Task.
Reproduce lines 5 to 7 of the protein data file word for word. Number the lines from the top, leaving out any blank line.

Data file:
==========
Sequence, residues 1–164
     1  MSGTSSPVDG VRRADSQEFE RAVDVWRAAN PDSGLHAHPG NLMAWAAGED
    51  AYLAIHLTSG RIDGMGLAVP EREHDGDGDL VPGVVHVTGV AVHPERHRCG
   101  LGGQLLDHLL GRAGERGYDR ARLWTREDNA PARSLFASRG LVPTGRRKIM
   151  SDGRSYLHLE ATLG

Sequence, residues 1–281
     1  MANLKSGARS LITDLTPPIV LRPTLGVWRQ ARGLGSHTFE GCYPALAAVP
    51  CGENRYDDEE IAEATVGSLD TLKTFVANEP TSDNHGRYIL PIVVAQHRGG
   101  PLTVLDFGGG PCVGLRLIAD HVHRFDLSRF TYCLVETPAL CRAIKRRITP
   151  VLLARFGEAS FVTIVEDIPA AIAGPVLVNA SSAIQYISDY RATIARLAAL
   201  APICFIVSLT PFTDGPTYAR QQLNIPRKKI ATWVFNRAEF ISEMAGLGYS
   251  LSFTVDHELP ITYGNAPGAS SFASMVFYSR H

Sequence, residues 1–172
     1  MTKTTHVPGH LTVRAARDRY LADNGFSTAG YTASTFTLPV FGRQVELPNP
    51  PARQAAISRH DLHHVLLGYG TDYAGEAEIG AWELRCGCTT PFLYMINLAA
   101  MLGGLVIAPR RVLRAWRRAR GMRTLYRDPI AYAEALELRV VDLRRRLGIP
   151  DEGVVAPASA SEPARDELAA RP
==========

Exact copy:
   151  SDGRSYLHLE ATLG

Sequence, residues 1–281
     1  MANLKSGARS LITDLTPPIV LRPTLGVWRQ ARGLGSHTFE GCYPALAAVP